Treinen named woman of the year

Kelly Treinen, principal at Promise Road Elementary School, was announced on May 9 as the Leukemia and Lymphoma Society’s Woman of the Year. (Photo by Renee Larr)

Kelly Treinen, principal at Promise Road Elementary School, was announced on May 9 as the Leukemia and Lymphoma Society’s Woman of the Year. (Photo by Renee Larr)

By Renee Larr 

On May 9 the Leukemia and Lymphoma Society named their man and woman of the year. This year’s woman of the year was Kelly Treinen, Promise Road Elementary Principle. Treinen raised over $87,000 to beat out her competition in a short 10 week period.

Trienen’s 18-year-old son, Michael was diagnosed with acute myeloid leukemia, an aggressive cancer in the bone marrow, in 2007 just three weeks before his high school graduation. Trienen and her family became involved with the LALS during her son’s illness. Sadly, her son lost his battle with AML just one year later on May 25, 2008.

Trienen and her family created the Michael Trienen Foundation which seeks to assist and enhance the lives of individuals and their families suffering through AML. Treinen’s neighbor, Chris Yeaky, is actively involved with LLS and assists the family in hosting the MTF’s Turkey Trot each year on Thanksgiving. Treinen was convinced by Yeaky and her daughter to compete.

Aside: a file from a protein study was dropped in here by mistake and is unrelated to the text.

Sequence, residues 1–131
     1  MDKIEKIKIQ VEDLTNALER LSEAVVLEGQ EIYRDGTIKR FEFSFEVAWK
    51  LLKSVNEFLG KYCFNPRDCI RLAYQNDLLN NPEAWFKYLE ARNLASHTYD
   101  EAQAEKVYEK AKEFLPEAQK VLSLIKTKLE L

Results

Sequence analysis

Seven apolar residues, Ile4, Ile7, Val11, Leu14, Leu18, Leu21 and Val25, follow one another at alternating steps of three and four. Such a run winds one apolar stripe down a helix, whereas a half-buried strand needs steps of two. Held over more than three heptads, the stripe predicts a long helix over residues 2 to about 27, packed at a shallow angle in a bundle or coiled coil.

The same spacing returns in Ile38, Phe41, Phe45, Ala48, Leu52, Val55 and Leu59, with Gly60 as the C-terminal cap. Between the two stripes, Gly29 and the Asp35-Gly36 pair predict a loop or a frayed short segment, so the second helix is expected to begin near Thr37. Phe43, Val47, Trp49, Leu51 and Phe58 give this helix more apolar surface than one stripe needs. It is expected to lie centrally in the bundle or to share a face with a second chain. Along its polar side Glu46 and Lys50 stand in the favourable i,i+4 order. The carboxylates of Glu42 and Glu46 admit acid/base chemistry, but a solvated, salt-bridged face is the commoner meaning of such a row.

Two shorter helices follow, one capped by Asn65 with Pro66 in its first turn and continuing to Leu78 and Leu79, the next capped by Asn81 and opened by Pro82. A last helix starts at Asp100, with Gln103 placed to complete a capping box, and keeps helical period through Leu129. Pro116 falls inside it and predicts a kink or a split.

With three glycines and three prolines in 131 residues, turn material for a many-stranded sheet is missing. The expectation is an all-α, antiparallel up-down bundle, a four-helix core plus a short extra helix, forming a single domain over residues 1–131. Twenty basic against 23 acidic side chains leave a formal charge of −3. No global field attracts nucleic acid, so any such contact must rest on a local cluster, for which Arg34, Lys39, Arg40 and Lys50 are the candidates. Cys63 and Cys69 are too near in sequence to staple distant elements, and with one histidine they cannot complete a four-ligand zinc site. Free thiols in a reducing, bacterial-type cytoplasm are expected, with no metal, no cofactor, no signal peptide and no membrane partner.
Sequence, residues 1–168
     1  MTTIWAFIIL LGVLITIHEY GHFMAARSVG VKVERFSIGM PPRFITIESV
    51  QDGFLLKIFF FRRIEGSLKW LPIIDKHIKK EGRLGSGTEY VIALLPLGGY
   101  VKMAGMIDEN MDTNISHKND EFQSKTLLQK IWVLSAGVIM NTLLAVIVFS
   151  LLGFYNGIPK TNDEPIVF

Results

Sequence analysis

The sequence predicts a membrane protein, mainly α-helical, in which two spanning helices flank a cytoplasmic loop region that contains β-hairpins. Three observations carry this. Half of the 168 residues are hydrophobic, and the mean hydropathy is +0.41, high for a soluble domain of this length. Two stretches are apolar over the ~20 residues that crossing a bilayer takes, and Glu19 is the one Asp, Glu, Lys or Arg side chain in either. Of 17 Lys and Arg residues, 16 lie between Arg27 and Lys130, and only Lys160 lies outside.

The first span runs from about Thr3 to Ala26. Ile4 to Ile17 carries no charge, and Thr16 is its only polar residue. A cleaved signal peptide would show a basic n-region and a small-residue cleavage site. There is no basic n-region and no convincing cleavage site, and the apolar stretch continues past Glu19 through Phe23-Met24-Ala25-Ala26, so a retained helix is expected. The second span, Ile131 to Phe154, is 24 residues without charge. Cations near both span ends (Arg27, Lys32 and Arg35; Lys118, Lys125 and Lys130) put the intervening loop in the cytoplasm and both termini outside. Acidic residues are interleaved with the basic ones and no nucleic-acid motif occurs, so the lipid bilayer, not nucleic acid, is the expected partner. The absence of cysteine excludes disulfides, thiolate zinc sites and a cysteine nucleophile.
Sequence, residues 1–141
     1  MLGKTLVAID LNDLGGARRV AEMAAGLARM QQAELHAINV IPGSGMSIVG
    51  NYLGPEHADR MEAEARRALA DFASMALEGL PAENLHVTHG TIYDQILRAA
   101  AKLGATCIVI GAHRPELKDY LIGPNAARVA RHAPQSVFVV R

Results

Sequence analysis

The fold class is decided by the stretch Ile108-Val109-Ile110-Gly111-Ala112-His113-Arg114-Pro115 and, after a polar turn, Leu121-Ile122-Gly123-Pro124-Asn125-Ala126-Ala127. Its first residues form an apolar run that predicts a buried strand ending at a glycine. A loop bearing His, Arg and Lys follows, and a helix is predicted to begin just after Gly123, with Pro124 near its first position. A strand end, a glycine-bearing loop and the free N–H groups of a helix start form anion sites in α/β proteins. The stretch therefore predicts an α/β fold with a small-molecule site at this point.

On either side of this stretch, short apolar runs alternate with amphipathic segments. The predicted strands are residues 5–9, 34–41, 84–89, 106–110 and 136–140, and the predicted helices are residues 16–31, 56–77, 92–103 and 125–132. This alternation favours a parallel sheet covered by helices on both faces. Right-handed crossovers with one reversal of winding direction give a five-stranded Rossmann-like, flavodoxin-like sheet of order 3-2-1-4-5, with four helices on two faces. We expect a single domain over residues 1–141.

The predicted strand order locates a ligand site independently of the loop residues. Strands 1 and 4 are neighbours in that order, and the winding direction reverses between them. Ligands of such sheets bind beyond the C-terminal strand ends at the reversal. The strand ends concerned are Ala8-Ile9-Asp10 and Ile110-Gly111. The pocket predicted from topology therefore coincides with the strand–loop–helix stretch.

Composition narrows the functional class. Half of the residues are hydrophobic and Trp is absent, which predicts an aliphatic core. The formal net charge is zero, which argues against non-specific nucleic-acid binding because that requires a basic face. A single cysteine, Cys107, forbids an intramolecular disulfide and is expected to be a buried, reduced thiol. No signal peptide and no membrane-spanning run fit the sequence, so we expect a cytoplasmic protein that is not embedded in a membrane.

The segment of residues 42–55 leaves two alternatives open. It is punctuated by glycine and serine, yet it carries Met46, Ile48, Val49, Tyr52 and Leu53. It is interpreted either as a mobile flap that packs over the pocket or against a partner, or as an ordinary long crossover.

“We created a team and we focused on a letter writing campaign, an email campaign and we did social media through Twitter, Instagram and Facebook. We had donations from complete strangers who wrote me and said they had family members diagnosed with leukemia and they wanted to pay it forward,” said Treinen.

Treinen’s team hosted events to raise funds as well. They created a stationary bike race, Let’s Lick Leukemia Dog Trot, a LLS brewery bus tour, a purse bingo event and a sporting clay shoot at Indiana Gun Club. Trienen raised $76,000 prior to the gala naming the winners. During the gala guests could bid on silent and live auction items. Treinen’s items netted $11,000 during the event.

Even though it is a competition Treinen felt they competitors worked together toward a common goal.

“I’m not saying this because I won but there were ten people up there that made a difference in the last ten weeks,” said Treinen.

Treinen describes herself as a competitive person but it was more important to her to raise money for LLS.

“When you’re hit with the death of a child I think that if you can make a difference and something can come out of that in such a positive way then winning meant a lot to me. It was near and dear to my heart. I think the fact that LLS is focusing on AML for their research, you know that’s what Michael died of, that signifies that we might find a cure for this,” said Treinen.

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